wind2 past tense and past participle wound
1 [transitive always + adverb/preposition]
to turn or twist something several times around something else
wind something around/round something
The hair is divided into sections and wound around heated rods.
2 [transitive] also wind up
to turn part of a machine around several times, in order to make it move or start working:
Did you remember to wind the clock?
3 [intransitive always + adverb/preposition]
if a road, river etc winds somewhere, it has many smooth bends and is usually very long
wind (its way) through/along etc something
Highway 99 winds its way along the coast.
a winding path
to make a tape move in a machine
wind something forward/back
Can you wind the video back a little way - I want to see that bit again.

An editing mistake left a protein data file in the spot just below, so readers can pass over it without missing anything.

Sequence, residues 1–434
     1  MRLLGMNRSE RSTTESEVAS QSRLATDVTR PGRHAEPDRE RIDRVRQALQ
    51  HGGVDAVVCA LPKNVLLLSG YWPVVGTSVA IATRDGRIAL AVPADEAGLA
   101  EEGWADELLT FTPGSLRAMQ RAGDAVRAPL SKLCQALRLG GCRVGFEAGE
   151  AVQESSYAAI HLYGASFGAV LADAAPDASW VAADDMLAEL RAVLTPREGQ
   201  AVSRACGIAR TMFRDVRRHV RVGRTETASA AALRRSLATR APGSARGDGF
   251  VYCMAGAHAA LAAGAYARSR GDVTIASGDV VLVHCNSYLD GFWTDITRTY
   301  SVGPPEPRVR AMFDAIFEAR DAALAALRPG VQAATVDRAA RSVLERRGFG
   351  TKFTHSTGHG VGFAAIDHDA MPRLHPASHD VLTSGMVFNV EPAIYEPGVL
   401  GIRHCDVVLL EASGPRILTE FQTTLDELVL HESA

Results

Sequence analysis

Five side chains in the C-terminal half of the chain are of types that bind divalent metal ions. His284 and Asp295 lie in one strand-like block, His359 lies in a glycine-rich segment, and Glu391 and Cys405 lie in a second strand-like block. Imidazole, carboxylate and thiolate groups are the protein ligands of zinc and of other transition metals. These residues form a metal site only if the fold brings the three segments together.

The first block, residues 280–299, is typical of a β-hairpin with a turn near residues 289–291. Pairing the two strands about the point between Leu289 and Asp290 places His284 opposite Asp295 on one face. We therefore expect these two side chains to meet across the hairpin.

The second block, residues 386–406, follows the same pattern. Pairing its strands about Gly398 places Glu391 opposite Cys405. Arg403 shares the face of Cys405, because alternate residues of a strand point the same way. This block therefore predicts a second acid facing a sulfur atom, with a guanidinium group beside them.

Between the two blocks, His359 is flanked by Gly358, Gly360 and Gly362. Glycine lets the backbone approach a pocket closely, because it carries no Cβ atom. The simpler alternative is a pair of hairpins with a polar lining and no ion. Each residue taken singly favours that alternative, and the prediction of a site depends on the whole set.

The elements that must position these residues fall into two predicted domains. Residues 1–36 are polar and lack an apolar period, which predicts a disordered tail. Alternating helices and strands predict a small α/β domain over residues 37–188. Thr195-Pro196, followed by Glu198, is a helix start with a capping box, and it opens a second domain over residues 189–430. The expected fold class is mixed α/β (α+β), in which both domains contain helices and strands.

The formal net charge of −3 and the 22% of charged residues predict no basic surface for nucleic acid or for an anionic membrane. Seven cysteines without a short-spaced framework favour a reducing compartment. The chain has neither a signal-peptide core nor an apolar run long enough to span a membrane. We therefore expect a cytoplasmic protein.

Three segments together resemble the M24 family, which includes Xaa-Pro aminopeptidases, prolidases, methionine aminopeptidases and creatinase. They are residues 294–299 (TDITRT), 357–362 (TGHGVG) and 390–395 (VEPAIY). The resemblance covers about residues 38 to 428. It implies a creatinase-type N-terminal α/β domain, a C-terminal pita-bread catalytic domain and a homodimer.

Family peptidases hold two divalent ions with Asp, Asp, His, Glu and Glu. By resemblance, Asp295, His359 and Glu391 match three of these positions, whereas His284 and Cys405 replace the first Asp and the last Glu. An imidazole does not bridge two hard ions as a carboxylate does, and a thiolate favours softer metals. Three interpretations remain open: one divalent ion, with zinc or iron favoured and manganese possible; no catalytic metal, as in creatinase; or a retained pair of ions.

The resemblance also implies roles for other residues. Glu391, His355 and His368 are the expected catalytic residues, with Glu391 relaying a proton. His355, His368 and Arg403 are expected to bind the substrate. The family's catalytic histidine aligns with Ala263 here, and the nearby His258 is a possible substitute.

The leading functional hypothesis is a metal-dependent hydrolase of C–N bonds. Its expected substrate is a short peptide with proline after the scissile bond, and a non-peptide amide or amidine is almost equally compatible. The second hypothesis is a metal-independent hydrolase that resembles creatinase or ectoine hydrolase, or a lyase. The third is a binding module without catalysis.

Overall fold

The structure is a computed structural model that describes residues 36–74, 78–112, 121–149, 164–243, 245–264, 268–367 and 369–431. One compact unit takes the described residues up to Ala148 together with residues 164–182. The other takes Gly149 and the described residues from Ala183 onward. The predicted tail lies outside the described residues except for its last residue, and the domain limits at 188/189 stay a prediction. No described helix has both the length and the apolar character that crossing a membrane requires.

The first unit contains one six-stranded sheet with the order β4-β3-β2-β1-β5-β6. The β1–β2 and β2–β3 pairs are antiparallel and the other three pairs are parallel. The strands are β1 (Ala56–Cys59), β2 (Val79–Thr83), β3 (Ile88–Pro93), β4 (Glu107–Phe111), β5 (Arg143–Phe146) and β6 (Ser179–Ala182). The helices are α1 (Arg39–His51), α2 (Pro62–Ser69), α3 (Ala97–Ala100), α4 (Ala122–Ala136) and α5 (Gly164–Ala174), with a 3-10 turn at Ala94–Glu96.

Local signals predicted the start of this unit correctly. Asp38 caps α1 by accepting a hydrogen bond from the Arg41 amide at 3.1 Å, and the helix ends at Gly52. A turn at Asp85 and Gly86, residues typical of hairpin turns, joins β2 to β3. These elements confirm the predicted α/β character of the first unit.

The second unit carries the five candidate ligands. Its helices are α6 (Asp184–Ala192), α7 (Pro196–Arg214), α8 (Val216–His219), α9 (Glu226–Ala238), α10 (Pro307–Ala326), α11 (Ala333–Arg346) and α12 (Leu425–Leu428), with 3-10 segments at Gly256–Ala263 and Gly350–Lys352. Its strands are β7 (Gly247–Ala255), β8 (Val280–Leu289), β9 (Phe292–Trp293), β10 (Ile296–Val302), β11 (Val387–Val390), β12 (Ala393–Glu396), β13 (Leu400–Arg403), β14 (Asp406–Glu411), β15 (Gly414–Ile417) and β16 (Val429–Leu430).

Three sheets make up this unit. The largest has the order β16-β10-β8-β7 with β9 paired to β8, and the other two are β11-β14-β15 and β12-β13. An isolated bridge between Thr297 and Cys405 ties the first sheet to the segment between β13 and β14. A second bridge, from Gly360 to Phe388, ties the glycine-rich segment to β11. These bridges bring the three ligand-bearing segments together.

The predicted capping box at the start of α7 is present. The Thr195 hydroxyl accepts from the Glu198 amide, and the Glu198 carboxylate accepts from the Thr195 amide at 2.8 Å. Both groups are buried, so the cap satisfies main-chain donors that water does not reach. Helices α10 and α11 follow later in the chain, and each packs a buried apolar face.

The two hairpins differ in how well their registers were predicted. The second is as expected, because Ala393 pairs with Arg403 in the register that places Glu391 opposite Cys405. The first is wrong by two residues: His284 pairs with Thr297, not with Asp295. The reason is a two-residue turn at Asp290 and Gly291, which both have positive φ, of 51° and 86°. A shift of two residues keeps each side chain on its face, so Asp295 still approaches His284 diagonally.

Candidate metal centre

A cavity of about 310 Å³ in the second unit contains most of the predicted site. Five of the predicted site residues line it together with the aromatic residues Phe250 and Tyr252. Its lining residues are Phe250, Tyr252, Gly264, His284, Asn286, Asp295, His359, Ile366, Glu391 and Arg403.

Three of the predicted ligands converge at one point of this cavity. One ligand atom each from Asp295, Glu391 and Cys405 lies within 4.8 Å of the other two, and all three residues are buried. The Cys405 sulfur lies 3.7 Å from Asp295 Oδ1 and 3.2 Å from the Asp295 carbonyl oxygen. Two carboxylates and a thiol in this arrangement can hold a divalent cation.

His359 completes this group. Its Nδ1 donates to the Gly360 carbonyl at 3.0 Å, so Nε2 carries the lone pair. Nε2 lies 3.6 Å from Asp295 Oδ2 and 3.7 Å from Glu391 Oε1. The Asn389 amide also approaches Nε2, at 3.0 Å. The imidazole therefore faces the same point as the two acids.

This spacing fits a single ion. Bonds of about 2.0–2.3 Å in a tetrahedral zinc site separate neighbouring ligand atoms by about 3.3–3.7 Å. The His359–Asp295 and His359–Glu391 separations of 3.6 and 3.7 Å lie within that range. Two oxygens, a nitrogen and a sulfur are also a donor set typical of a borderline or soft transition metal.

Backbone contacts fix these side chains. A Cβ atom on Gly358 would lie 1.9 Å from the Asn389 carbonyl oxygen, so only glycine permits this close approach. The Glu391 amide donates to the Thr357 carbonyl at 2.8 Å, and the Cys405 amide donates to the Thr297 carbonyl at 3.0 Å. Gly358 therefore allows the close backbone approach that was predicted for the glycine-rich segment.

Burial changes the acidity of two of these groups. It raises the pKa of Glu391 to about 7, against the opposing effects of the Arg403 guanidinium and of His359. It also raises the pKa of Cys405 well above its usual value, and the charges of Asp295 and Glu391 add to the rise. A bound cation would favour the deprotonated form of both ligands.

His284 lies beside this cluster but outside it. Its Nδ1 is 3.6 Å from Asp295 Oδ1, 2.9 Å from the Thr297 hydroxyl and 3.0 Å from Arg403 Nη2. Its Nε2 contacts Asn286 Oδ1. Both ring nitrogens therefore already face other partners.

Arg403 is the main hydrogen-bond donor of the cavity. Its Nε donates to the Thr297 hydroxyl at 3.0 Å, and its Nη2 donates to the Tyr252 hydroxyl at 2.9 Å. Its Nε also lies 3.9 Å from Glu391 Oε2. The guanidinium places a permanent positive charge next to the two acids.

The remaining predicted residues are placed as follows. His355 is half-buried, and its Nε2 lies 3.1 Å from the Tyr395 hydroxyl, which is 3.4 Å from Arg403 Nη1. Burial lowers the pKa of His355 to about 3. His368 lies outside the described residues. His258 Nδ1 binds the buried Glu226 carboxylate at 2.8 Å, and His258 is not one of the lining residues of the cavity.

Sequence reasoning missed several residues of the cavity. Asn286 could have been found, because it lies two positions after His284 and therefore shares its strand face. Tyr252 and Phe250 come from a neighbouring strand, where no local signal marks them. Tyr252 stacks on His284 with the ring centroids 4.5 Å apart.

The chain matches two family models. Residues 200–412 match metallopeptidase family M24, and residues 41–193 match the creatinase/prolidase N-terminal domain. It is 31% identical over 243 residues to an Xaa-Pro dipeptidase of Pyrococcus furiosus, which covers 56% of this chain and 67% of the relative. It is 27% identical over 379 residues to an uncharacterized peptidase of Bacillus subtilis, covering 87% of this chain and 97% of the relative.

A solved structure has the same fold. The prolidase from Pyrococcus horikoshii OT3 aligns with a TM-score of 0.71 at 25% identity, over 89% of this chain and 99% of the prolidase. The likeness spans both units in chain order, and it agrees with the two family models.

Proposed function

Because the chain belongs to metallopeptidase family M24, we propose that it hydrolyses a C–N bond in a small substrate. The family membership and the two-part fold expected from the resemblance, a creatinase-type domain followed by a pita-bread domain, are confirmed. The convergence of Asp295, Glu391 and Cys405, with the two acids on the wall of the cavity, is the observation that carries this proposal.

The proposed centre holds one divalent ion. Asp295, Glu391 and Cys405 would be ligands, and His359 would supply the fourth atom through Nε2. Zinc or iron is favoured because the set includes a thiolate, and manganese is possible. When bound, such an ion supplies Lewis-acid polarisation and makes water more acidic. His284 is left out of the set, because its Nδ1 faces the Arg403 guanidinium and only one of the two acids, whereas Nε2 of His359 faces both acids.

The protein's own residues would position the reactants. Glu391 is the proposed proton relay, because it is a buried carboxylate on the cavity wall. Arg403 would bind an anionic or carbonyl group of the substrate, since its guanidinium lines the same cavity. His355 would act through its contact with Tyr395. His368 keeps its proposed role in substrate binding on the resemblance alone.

! Do not confuse with the noun wind, which has a different pronunciation. ➔ rewind
—wind noun [countable]
wind downphrasal verb
to gradually reduce the work of a business or organization so that it can be closed down completely
to rest and relax after a lot of hard work or excitement:
I find it difficult to wind down after a day at work.
to make something, especially a car window, move down by turning a handle or pressing a button
wind something ↔ downBritish English
wind upphrasal verb
to bring an activity, meeting etc to an end:
OK, just to wind up, could I summarize what we've decided?
to close down a company or organization:
wind something ↔ up
Our operations in Jamaica are being wound up.
3 [linking verb] informal
to be in an unpleasant situation or place after a lot has happened [= end up]
wind up in/at/with etc
You know you're going to wind up in court over this.
wind up doing something
I wound up wishing I'd never come.
4 British English
to deliberately say or do something that will annoy or worry someone, as a joke [↪ tease]: ➔ wound up
They're only winding you up.
to turn part of a machine around several times, in order to make it move or start working
wind something ↔ up
to make something, especially a car window, move up by turning a handle or pressing a button:
wind something ↔ upBritish English
Could you wind the window up, please?